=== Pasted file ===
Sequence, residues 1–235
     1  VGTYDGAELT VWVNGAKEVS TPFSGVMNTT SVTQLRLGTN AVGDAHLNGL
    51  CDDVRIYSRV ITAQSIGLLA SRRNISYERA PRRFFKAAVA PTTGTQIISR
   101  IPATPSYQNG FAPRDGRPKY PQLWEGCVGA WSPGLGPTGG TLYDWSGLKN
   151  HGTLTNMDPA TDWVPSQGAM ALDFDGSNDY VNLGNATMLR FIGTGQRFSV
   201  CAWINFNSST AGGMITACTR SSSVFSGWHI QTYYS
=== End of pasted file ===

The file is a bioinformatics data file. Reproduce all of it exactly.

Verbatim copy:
Sequence, residues 1–235
     1  VGTYDGAELT VWVNGAKEVS TPFSGVMNTT SVTQLRLGTN AVGDAHLNGL
    51  CDDVRIYSRV ITAQSIGLLA SRRNISYERA PRRFFKAAVA PTTGTQIISR
   101  IPATPSYQNG FAPRDGRPKY PQLWEGCVGA WSPGLGPTGG TLYDWSGLKN
   151  HGTLTNMDPA TDWVPSQGAM ALDFDGSNDY VNLGNATMLR FIGTGQRFSV
   201  CAWINFNSST AGGMITACTR SSSVFSGWHI QTYYS